Arts » Theater + Dance

Review: St. Petersburg Philharmonic



3 stars

Carmel Palladium; April 3

At last! On Sunday evening a nearly filled Palladium in its maiden season hosted Russia’s famed St. Petersburg Philharmonic Orchestra under the direction of Nikolai Alexeev. It provided a rather dramatic contrast to hearing the ISO in its Circle Theatre venue (which I had done just two evenings earlier). A two-work warhorse program designed to attract non-symphony goers featured Rachmaninoff’s Piano Concerto No. 2 in C Minor, Op. 18 and Rimsky-Korsakov’s four-movement Scheherazade, Op. 35. Nikolai Lugansky served as the keyboard artist for the Rachmaninoff.

My first reaction was to the much discussed Palladium acoustics. First let me assert that the Palladium is the only true “concert hall” within Indy’s environs—and in that sense could compete with Europe’s great halls, many noted for outstanding acoustics. Much work was done before January’s opening in “tuning” the hall with myriad acoustic reflectors above the stage and extending well into the audience seating. Yet I found the reverberation excessive from my seat in the main floor center section slightly more than half way back. Several people I talked to said the hall’s most flattering acoustic is heard from the lower balcony in back.

The brass sounded distant and much too soft, with fast passages tending to smear the various ensembles together. However, a surprising plus was that the bass instruments throbbed with a depth I’ve never heard at the Circle — especially the string basses. In Scheherazade, the slower sections were better articulated than its rapid “Festival at Baghdad” movement — made worse by Alexeev’s racing tempo.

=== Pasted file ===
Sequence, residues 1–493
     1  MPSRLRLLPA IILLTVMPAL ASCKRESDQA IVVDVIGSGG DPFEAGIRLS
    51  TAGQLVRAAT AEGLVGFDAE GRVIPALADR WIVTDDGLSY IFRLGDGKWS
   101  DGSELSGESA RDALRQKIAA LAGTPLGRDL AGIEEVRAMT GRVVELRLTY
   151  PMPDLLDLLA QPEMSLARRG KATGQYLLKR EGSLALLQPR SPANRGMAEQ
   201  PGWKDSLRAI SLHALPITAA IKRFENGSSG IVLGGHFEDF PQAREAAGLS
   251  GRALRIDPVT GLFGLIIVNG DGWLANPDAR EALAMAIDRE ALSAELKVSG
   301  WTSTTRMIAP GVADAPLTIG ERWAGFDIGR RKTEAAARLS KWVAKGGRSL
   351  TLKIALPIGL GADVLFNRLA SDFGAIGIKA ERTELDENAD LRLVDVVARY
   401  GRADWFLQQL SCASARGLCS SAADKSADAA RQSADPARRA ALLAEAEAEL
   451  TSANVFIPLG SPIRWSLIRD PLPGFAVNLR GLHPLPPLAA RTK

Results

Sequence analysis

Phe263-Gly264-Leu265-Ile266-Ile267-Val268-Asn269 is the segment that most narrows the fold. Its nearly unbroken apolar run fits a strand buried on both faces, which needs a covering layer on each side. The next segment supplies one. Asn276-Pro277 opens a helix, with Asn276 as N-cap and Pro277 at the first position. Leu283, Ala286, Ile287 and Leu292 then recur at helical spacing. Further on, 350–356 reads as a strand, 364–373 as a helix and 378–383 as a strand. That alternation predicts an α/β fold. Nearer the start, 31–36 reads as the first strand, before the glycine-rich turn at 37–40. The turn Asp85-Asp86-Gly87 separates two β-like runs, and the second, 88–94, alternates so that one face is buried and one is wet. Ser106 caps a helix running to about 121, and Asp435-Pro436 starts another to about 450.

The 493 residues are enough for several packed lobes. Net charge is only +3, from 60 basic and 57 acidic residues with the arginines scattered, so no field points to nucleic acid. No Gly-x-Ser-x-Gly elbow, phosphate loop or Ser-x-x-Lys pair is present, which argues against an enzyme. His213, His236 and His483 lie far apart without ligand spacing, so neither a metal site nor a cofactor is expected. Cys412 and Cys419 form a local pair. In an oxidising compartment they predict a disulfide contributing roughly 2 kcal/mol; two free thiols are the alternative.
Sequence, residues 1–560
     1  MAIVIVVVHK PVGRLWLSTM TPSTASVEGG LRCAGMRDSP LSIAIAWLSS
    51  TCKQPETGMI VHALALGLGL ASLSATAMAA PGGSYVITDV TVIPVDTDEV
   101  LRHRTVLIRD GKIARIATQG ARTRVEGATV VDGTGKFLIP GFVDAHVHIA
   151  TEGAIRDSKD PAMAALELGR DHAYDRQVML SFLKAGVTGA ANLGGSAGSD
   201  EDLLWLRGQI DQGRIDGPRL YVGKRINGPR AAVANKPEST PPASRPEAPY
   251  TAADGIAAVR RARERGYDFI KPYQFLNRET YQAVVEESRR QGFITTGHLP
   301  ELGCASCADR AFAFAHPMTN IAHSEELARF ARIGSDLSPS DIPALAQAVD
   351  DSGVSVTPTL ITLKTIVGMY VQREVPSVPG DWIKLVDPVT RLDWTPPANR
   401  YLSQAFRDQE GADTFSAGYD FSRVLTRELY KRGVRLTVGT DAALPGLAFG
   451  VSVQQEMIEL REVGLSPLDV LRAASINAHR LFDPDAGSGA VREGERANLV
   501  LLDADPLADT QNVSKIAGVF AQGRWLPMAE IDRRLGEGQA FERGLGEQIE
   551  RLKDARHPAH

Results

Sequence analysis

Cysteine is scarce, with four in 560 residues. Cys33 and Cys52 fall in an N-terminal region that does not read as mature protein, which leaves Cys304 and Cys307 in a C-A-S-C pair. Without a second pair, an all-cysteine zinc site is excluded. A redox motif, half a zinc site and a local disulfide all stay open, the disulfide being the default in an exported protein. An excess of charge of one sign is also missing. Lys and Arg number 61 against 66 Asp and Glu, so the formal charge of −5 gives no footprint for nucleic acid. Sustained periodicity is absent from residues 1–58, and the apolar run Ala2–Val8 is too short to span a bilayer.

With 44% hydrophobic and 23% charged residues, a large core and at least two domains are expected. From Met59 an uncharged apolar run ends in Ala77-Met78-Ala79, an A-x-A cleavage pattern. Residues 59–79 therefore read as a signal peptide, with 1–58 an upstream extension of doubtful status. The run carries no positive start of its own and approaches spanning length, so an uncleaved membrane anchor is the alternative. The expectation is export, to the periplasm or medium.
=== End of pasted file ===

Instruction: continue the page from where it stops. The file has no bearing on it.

The conductor offered an encore, the famous “Russian Dance” from Tchaikovsky’s Nutcracker ballet, and tore his way through it with such ferocity that everything was a jumble. It was difficult to gauge the ensemble’s excellence in these sections—though overall, I believe we were hearing one of Europe’s finest orchestras.

The piano concerto underwent many tempo variations and most nuances were effective. This is more in keeping with the Russian approach to interpretation. Lugansky held his thunder at the opening, but unleashed it with a fervor which was well sustained in his rapid passage work, less so in his chords. With the piano placed in front, one surmises that its location greatly promoted its clarity: I could hear every note most of the time.

Of course the audience loved the entire concert, as it should. But for the Palladium to meet its potential to provide an outstanding listening experience for those with all levels of musical background — musical newcomers to dedicated symphony goers, in addition to the numerous other musical genres the hall is offering this season, its reverberation needs to be trimmed back further — to please the most with the best.


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